Jeremy’s gaze fell upon the presents again. He huddled up close to them, periodically inspecting each and every one as he glanced back at the stairway.

And then he noticed it again.

There was movement in the tree. Only this time it was more pronounced, and in a different area, closer to the top.

Now he was getting nervous. He still wasn’t sure if he were imagining it or not, but the uneasy feeling that was settling over the room was unmistakable. He scooted away from the presents and stood up, all the while never taking his eyes off the tree. Slowly turning around his only thought was getting back to the safety of his bedroom. In the morning with the added security of his parents and daylight he could truly enjoy the holiday and tear into his presents.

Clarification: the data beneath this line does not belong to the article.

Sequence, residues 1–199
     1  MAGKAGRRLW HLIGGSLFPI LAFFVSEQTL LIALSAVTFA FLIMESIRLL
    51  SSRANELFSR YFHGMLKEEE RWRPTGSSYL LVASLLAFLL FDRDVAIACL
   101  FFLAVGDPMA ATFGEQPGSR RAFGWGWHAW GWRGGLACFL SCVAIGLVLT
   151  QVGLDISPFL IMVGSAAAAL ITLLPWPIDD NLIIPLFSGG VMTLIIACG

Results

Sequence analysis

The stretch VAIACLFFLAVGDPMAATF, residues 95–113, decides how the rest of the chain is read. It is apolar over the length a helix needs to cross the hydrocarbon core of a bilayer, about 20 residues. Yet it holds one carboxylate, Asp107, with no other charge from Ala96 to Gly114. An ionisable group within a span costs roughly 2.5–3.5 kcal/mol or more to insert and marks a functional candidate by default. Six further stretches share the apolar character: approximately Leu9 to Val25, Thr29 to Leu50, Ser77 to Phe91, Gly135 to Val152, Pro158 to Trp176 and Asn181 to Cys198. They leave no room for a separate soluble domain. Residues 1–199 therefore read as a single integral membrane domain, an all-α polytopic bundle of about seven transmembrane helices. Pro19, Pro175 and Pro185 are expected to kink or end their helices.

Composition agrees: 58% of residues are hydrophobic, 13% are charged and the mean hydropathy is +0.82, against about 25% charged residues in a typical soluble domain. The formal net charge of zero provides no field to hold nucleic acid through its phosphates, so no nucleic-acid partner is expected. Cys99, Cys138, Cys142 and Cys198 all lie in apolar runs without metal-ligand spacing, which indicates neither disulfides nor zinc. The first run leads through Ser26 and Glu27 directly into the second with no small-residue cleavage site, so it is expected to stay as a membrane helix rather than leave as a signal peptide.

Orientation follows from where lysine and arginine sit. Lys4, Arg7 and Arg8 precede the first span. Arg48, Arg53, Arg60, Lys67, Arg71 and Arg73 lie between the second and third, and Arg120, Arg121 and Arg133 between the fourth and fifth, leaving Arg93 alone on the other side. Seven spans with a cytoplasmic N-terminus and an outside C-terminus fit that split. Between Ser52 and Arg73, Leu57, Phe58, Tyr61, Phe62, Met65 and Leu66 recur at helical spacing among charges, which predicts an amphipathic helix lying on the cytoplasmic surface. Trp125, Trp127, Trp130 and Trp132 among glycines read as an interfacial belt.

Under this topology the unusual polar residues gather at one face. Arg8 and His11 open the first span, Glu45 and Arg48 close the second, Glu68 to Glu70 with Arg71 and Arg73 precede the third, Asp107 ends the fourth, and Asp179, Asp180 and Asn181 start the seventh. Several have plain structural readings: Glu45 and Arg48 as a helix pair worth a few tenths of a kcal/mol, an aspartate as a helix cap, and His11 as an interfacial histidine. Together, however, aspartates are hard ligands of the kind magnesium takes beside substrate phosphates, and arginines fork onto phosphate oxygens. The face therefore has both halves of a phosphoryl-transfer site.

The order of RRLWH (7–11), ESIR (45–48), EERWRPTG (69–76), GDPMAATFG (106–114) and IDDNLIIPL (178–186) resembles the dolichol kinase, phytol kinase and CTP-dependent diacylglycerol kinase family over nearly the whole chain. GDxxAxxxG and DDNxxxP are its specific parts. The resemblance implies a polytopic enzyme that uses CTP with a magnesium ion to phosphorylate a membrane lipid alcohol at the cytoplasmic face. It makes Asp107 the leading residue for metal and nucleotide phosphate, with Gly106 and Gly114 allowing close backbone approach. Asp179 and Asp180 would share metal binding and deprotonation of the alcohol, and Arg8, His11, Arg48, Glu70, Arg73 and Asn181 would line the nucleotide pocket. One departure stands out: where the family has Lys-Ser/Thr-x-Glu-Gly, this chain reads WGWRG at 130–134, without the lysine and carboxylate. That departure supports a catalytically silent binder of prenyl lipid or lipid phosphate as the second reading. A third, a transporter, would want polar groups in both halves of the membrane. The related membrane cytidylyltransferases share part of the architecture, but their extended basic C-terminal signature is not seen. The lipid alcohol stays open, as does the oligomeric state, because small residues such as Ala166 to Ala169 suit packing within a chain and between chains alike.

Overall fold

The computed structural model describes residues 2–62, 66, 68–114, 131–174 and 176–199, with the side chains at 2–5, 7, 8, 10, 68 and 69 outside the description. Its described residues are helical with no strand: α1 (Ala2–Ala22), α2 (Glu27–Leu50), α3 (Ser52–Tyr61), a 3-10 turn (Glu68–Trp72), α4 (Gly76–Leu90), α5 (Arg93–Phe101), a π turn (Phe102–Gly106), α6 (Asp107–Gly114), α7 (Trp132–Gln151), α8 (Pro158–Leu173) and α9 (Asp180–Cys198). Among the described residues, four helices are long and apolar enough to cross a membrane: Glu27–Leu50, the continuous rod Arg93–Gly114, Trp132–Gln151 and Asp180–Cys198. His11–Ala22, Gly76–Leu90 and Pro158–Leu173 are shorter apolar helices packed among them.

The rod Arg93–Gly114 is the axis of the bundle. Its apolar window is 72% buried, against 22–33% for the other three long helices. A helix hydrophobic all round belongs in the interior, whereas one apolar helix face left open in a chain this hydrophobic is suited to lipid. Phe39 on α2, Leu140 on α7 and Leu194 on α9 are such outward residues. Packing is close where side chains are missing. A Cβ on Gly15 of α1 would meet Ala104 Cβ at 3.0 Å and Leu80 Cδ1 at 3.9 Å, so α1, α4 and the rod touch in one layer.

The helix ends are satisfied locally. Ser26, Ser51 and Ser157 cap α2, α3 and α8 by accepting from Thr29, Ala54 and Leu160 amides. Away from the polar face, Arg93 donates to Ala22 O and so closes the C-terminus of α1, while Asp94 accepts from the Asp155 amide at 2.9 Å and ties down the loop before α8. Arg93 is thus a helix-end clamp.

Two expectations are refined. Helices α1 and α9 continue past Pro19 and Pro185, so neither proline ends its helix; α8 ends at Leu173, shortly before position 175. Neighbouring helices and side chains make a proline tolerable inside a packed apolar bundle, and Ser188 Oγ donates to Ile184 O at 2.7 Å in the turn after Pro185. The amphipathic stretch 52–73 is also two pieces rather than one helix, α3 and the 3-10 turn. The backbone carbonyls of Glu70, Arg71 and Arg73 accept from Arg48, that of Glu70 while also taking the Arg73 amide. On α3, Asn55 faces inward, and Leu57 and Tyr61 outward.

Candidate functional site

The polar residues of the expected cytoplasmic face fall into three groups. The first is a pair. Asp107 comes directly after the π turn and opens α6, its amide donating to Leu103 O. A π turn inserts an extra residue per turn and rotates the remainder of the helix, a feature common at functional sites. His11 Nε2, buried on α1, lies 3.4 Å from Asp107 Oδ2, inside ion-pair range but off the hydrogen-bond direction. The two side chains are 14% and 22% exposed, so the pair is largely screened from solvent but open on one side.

He resisted the urge to look back as he scurried toward the stairs. He was afraid that he might see something he would regret seeing, possibly for the rest of his life. Within 30 seconds he was tucked safely under his covers trying desperately to fall back asleep.

Jeremy glanced at the clock on his nightstand.

6:17 a.m. Still too early to get up. Not that he really wanted to get out of bed. But the thought that eventually his parents would come into his room and make him wake up frightened him. They would no doubt be curious as to why their little boy wasn’t awake yet on Christmas morning. He would then be obligated to go downstairs with them and open his presents…the ones under the Christmas tree.

Jeremy looked over at the clock again, somehow hoping that time had moved backward.

6:24 a.m. Still too early…